A group of scientists studying how dogs respond to human speech have discovered how best to apologise to your pet when you accidentally step on their toes or tail.
When it comes to taking care of a dog, most owners go above and beyond to make sure their pet is happy and healthy. But every now and then, we do something that upsets them – like accidentally stepping on their foot when we’re walking around the house.
Thankfully, scientists have discovered how to apologise to our pets in a way they can actually understand – rather than simply telling them we’re sorry. A study published in animal cognition shares how speaking in a baby voice – otherwise known as ‘dog-directed speech (DDS) – can ease your pet’s mind after tripping over their paws.
The research team studied 37 pet dogs from volunteers – with some being spoken to in a ‘normal voice’ while others were spoken to in a ‘baby voice’. Measuring the amount of time the dogs were attentive to each volunteer, it was discovered those spoken to in a ‘baby voice’ stayed attentive for longer.
Dog Directed Speech(DDS)
To test whether or not dog-directed speech had any effect on attention, the researchers borrowed 37 pet canines from volunteers and ran a series of tests.
Each dog was leashed and brought into a room with two humans and subjected to recordings of different words and phrases spoken in both a standard tone of voice and a more exaggerated dog-directed tone. The researchers measured the amount of time the dogs were attentive to each individual and then after the dogs were taken off their leashes, how long each dog spent near the human before wandering off.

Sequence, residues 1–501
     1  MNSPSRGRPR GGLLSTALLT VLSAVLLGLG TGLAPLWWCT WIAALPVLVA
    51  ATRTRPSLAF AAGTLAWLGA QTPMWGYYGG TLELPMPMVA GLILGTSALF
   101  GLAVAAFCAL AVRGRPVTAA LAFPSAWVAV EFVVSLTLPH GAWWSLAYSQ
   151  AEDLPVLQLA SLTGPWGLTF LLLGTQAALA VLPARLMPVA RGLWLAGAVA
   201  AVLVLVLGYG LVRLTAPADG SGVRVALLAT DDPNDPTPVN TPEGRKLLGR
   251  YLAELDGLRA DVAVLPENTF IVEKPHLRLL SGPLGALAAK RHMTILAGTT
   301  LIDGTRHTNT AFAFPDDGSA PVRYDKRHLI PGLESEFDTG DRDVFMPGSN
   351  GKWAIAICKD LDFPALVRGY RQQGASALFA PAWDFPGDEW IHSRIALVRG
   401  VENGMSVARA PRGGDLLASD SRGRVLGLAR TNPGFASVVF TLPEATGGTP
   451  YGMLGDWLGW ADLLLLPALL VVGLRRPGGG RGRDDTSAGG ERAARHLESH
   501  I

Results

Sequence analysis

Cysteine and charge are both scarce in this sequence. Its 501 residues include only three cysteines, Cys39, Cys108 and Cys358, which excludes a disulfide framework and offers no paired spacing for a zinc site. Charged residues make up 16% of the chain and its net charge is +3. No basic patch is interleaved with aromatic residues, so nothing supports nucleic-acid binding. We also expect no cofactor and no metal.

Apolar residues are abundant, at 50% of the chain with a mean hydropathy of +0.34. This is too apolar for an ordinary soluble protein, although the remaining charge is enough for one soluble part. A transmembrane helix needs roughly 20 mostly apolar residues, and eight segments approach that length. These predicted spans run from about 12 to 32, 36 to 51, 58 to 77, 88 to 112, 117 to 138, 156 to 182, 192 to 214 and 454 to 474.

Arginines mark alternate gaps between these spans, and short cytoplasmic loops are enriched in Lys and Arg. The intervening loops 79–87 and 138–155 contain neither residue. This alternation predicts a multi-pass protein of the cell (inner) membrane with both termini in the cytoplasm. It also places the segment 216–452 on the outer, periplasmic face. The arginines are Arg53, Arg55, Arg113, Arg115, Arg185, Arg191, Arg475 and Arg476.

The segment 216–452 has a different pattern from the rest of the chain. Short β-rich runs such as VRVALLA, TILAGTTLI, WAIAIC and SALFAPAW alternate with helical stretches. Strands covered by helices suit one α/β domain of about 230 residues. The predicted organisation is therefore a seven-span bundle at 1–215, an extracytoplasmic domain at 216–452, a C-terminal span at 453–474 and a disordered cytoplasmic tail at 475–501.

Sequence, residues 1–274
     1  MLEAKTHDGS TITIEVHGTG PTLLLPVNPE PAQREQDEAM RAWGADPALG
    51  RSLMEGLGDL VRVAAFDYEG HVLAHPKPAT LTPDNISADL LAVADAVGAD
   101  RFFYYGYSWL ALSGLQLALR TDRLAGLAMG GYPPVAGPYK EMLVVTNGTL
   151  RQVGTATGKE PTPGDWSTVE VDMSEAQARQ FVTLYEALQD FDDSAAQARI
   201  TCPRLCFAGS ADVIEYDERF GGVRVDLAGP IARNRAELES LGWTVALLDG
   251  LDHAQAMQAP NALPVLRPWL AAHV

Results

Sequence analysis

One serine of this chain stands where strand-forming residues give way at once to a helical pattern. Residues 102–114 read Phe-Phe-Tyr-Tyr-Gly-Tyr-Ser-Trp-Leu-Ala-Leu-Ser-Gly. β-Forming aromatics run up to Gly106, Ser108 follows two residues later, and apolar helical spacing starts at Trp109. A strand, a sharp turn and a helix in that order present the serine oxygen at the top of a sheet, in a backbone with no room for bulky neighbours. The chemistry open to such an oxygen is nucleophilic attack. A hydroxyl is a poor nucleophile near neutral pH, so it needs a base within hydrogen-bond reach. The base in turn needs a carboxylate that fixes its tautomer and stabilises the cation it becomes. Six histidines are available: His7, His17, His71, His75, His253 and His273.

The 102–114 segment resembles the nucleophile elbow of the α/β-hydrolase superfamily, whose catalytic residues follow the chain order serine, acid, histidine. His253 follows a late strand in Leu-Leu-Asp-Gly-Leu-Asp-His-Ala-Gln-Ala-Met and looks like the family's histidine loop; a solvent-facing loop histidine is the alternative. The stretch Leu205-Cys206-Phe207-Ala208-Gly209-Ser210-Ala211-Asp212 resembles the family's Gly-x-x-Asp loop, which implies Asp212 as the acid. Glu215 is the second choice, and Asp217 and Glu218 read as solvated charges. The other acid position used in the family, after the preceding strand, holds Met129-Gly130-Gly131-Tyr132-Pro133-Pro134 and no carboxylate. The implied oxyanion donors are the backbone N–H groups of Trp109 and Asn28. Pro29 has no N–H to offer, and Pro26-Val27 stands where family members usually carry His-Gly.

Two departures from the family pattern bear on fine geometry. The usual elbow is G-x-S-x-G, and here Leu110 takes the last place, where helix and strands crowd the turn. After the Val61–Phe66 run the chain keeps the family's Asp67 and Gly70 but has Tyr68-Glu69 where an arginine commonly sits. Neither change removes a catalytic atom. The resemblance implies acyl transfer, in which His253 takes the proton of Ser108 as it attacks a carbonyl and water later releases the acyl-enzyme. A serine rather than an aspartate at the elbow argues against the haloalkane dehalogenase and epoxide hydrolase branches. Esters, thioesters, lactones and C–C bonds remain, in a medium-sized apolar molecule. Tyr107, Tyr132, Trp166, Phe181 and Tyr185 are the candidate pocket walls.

What the team discovered is that dog-directed speech did indeed grab the dogs’ attention and hold it for longer than a level voice tone. However, the effect wasn’t uniform across puppies and adult dogs. Puppies tended to respond to the dog-directed speech regardless of what words were actually being said, while adult dogs were more likely to respond to DDS when the words being spoken were relevant to them (like “walk,” for example).
A researcher wrote: “Overall, the results of this study suggest that naturalistic DDS, comprising of both dog-directed [speech patterns] and dog-relevant content words, improves dogs’ attention and may strengthen the affiliative bond between humans and their pets.”
Alongside apologising to your pet in a soft voice, you should check their paw for any injuries and ice them for 10 minutes if you spot redness or swelling.
Another study, published in The Royal Society, claims dogs have the ability to understand human intentions based on their emotional response.
This means they understand it was an accident – and you wasn’t trying to hurt them intentionally.
“The perception of emotional expressions allows animals to evaluate the social intentions and motivations of each other,” the study reads.
“Dogs looked significantly longer at the face whose expression was congruent to the valence of vocalisation, for both con-specifics and hetero-specifics, an ability previously known only in humans.
“These results demonstrate that dogs can extract and integrate bimodal sensory emotional information, and discriminate between positive and negative emotions from both humans and dogs.”